Why is this important? Because Pac-man. The programmers never believed some players would actually get as far as they did. But then it happened, and it crashed the game. As an Erfworld example, what if a side has 256 places allocated for indexing that sides cities (hexes 00 - FF). And there are more than 256 city sites on Erf. A side having a 257 city at once could overflow the natural thinkamancy a ruler uses to keep track if the side, and make the game unstable.

    Also because Tetris. Slightly less cataclysmic is the use of Rubber Band Difficulty. If the occurrences of Barbarian units are tied to the number of sides in play, and increase as sides decrease... Or other events as the "Random" Number Event Generator starts to have you, and starts spamming out Meteors and Plagues to work you over. Like Tetris, you could theoretically keep going forever, taking care of problems as they come up. You just cannot ever make a mistake, or the game will bury you alive.

    The best outcome (arguably even better then a scripted win condition) is where you can "win"... and nothing happens. The game keeps going without change, except you are the only side. At that point you can paint a finish line behind you, and declare victory.

    Considering Charlies 180 degree turn, I am guessing he does not believe the latter will happen anymore.

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     Post Posted: Sun Oct 27, 2013 10:42 pm 
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    bpzinn wrote:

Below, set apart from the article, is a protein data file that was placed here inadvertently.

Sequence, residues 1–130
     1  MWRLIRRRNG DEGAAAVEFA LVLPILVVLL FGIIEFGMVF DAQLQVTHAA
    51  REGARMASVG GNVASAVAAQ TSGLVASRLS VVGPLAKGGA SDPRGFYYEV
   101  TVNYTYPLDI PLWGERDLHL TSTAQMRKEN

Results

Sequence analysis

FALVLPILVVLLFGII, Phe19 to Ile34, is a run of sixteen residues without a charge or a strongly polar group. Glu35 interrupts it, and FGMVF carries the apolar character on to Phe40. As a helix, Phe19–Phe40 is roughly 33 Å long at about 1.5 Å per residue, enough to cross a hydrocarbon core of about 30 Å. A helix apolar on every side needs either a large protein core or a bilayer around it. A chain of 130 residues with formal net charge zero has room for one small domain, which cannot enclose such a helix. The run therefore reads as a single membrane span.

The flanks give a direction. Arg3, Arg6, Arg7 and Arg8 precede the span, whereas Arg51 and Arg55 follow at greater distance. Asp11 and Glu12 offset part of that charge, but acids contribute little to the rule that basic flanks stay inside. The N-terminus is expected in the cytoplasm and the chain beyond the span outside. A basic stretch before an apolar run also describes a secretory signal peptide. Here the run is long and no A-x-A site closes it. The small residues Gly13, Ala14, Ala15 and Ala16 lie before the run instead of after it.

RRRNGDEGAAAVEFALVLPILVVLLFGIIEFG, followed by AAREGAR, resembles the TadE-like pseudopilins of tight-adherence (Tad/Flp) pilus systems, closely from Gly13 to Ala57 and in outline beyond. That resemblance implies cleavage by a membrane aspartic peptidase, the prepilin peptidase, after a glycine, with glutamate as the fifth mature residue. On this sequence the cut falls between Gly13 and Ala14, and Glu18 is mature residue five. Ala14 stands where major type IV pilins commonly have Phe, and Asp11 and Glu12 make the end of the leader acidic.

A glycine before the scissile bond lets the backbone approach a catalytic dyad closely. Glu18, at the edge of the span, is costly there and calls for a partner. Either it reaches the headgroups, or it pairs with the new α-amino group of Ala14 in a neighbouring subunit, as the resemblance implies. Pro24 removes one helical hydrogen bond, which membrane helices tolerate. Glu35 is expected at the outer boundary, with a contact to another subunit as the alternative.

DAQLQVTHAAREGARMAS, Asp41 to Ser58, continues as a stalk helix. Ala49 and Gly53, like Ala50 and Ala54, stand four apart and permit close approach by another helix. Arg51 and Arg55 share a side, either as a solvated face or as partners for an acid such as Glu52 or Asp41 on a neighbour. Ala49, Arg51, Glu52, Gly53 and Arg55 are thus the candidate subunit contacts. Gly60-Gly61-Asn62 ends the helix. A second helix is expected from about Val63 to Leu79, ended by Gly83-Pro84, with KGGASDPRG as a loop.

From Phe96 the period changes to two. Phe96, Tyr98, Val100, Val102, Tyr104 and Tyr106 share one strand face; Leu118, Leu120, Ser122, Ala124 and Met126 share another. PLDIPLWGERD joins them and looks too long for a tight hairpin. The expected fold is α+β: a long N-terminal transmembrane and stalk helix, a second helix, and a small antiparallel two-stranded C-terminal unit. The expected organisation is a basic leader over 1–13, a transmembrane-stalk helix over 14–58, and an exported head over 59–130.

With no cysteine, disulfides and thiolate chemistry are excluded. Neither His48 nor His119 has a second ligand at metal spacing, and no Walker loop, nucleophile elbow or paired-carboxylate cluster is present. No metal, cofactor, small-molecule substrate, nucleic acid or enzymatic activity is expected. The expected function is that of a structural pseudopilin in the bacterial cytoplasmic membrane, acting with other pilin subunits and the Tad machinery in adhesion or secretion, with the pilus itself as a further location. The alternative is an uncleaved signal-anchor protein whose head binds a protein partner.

Considering Charlies 180 degree turn, I am guessing he does not believe the latter will happen anymore.
    Or he decided mind control was not an acceptable form of victory. He hasn't actually been shown mind controlling people outside of super contracts after all, and does seem to have... issues with the MK happy GMTTA.

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     Post Posted: Mon Oct 28, 2013 9:13 pm 
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    No one in particular wrote:
    Upon reflection, the more appropriate question to ask isn't "how can one win within the rules?" but "did the Titan's design the game to be winnable?"

    I believe the answer to that question is "no". I think that the titan's designed Erfworld to be unwinnable. However, I believe it is winnable, for a certain definition of win. (Namely the elimination of all other sides.) Now a more complicated question would be if you could have a side with a non-0 chance of existing eternally. Tetris for example is unwinnable by that definition. Eventually you will get a crap array of blocks, that will ensure you have no possible method to not lose. Since the chance of that is finite and very small, but constant as time goes to infinity the chance of the game going on goes to 0.

    Similarly, with random popping of wild units you will probably always have a chance of side failure. A billion dwagons pop every turn for ten thousand turns. However like Tetris that is unlikely. Now the interesting thing is if that becomes increasingly unlikely. If the chance of side failure decreases fast enough you can end up with a side having a non-zero chance of existing as time goes to infinity. If you got an increasingly high ceiling in tetris a perfect player could have a non-zero chance of never losing even as time went towards infinity. What if the same happens in Erfworld? Perhaps constant training could decrease the chance of side failure? For example, if each level added on to every unit decreases the chance of side failure by 90%, and doubles the time taken to the next level you could have a side that never fails.

    tl;dr: Its was probably not intended to end with one world side. It is probably possible to get one world side. It may or may not be possible to get one world side existing forever depending on exact numbers.